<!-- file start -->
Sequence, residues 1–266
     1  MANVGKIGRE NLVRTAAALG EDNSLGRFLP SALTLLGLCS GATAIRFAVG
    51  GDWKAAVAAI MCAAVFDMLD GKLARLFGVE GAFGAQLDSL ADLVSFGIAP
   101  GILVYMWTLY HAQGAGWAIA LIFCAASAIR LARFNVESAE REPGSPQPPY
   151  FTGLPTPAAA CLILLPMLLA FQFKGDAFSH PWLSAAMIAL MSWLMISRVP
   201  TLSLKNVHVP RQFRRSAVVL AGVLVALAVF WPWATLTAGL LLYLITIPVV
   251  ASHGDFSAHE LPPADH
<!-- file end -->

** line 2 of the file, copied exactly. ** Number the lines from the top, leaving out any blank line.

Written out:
     1  MANVGKIGRE NLVRTAAALG EDNSLGRFLP SALTLLGLCS GATAIRFAVG